Top 5 Latino Musicians You Haven’t Heard Of| 04 December, 2019
How can a musician be at the top of his musical field and people have not heard of him. There are many reasons for this such as they haven’t been marketing enough. The genre isn’t popular or has not caught on in the United States or internationally. The United States is not the center of the international music scene. It is an important platform internationally but it is not the center. There are many other countries that are important platforms for Latin music.
Latin musicians present and past have made big inroads in other markets of the world even if they have had little impact in America. This article will explore some of those artists who are alive and have since passed away.
We will start with a legend right out of Caetano Veloso has been a mega star in Brazil since the 1970’s and he has been a best-selling artist in Brazil for almost 50 years. His music has influenced such American icons as Beck and the Talking Heads. But yet he never really made any type of impact in the United States. He was one of the founding musicians of the Brazilian creative movement known as Tropicalia which combined music, theatre, film, and poetry in the 1960’s. The movement ended in 1968 but it never made an impact in the United States and really as we mentioned earlier Catano has never really made it big in the states.
He has won 9 Latin Grammys and 2 Grammy awards. He was nominated for an Academy award for a song he wrote and he performed it for millions of people. He lost but he was nominated but yet he is not well-known in the United States. He is a legend in Brazil and he is still going strong to this day.
He won a music contest and he was awarded a recording contract but the Brazilian government considered his music as a threat to the government so he was arrested in 1969 and by the way he is a political activist. Being a musician and a political activist can be dangerous in Brazil at least it was in the 1960’s.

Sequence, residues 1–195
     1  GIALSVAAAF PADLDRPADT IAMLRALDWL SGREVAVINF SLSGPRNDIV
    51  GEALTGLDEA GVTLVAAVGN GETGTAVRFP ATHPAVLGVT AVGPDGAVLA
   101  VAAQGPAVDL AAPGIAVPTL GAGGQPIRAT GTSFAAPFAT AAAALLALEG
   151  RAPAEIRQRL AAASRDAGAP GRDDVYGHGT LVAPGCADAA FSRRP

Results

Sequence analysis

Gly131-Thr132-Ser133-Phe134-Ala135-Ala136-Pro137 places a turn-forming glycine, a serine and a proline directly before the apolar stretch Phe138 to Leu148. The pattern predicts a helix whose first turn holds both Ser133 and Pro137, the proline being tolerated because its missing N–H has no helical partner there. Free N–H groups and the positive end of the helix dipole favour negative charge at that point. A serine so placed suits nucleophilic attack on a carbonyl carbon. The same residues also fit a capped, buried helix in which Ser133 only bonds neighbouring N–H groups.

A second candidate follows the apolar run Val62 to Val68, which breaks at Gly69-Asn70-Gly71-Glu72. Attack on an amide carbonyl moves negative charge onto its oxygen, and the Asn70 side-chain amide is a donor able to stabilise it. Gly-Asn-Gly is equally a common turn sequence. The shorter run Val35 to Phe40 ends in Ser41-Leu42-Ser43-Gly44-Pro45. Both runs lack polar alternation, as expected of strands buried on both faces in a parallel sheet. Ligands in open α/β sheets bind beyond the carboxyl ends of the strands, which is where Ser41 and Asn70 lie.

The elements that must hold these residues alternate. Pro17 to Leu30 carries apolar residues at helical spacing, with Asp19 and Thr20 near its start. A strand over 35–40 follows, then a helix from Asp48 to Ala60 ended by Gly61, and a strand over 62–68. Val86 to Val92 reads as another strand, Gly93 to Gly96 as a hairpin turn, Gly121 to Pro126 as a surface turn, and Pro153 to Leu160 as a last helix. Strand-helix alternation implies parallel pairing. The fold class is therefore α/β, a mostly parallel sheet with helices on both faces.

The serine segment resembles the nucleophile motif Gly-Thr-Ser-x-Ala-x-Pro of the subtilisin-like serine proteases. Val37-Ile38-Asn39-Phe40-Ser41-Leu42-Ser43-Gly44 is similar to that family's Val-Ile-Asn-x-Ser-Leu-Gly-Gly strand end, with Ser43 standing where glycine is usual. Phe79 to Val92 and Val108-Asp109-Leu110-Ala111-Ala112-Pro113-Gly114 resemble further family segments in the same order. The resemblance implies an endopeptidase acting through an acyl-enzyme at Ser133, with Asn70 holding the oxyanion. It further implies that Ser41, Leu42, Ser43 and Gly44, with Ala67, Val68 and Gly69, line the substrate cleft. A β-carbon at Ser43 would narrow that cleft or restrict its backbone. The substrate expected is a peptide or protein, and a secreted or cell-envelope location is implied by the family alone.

Even though he was born in America he really was not a household name in America it appears. He passed away in 2000 and he was born in 1923. He was born and raised in New York and he was one of the most talented percussionists that took the stage. In the 1950’s he had a string of Mambo–Mambo is a genre of Cuban dance music pioneered by the charanga Arcaño y sus Maravillas in the late 1930s and later popularized in the big band style by Pérez Prado. … In the mid-1950s, a slower ballroom style, also derived from the danzón, cha-cha-cha, replaced mambo as the most popular dance genre in North America.– hits and these successes earned him the title “King of the Timbales”. He really was not known in mainstream America but he was a very popular Latin musician. He was also given the title “King of Mambo”.
He would appear on stage usually with a musical band accompanying him. He was the son of Puerto Rican immigrants and from an early age on he had a real flare to play the percussions. Around 1947 he formed his own 10-piece band but even more amazing is he started playing music at the age of 13. Two years later he added some instruments to his band which attests to the success of the band. He learned to play the several instruments including the piano, saxophone, vibraphone, and timbales (paired high-pitched drums). He attended the Julliard School of music and he went to defend his country in the Second World War.
He could be considered a musical prodigy in some sense and he had many Mamba dance hits in the 1950’s but he really was recognized in mainstream music. His name has never been on everyone’s lips in the United States. Which is strange because he was born in the United States but he was not well-known in his native land. He made a splash internationally though.
He had a very productive career as he has performed with some of the most legendary jazz musicians in the field. He recorded over 120 albums which is amazing if you consider all the work and finances needed to create a new album. He recorded 120 albums which is a phenomenal amount. Despite recording all these albums he was still not a mainstay in American music.